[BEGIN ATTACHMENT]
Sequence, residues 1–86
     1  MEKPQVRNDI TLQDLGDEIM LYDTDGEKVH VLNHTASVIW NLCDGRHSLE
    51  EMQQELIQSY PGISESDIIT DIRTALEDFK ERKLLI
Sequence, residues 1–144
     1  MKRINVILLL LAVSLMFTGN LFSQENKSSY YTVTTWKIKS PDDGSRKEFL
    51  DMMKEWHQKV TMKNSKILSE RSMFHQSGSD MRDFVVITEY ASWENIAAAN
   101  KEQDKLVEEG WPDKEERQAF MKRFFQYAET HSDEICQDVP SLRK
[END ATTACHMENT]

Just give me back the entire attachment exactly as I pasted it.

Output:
Sequence, residues 1–86
     1  MEKPQVRNDI TLQDLGDEIM LYDTDGEKVH VLNHTASVIW NLCDGRHSLE
    51  EMQQELIQSY PGISESDIIT DIRTALEDFK ERKLLI
Sequence, residues 1–144
     1  MKRINVILLL LAVSLMFTGN LFSQENKSSY YTVTTWKIKS PDDGSRKEFL
    51  DMMKEWHQKV TMKNSKILSE RSMFHQSGSD MRDFVVITEY ASWENIAAAN
   101  KEQDKLVEEG WPDKEERQAF MKRFFQYAET HSDEICQDVP SLRK